consultation with nongovernmental organizations (NGOs), and engaging with them to plan and carry out programs. A
the FtF design team revised the strategy to incorporate key third is to increase use of a host country’s legal, financial and
success factors that had not been included in the origi- institutional systems rather than creating parallel systems,
nal plan. The initial FtF strategy also had a limited role for with increased funding driven by a country’s adherence to
NGOs that focused mainly on consultations during the ini- good governance and poverty reduction. And fourth, donor
tial priority-setting phase The revised strategy instead calls governments should coordinate efforts among themselves,
for partnerships from the beginning all the way through providers of private development assistance (e.g., NGOs
implementing solutions and documenting their effective- and foundations) and host governments to most effectively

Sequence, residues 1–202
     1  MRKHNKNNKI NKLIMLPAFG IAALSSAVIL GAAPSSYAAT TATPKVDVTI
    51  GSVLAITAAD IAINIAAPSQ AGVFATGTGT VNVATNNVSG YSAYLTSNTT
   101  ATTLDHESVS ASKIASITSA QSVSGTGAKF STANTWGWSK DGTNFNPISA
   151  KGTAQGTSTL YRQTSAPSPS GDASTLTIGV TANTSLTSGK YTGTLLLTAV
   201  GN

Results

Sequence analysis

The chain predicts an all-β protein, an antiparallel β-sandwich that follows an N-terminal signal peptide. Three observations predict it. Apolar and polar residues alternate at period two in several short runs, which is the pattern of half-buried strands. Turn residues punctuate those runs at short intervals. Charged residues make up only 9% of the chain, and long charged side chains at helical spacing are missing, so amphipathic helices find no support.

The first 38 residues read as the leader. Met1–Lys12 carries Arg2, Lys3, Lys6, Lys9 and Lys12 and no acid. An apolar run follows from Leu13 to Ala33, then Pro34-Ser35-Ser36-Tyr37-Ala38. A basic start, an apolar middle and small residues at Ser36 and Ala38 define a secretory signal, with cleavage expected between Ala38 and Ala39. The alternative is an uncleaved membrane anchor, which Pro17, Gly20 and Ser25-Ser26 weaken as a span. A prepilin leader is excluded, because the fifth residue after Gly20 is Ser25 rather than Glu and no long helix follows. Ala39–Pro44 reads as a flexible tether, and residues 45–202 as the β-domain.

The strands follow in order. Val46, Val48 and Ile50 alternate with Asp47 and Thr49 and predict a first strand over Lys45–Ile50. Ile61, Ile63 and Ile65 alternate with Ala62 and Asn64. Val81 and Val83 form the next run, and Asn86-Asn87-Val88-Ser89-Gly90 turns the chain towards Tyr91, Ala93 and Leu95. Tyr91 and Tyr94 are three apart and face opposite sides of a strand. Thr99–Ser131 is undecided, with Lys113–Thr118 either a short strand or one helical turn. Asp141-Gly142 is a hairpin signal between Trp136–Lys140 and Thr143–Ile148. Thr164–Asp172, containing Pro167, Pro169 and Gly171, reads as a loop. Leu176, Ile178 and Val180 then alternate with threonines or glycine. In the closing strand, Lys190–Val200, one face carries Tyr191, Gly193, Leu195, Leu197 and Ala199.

ness. This revised approach greatly boosts the chances support country-owned development plans.
that FtF will achieve and sustain the objectives set for it by International nongovernmental organizations know that
the U.S. Government. country ownership works based on approaches developed
over decades of work around the world. NGOs often have
Who is responsible for country ownership? a long-term presence in countries and established rela-
Many actors play a role in a country’s development. While tionships with local organizations and community leaders.
development is ultimately the responsibility of a country’s NGOs fulfill several roles, including: donor to local orga-
people and their government, the way funds are allocated nizations; provider of capacity-building services to both
and programs carried out can strengthen or undermine the local organizations and government; catalyst for stronger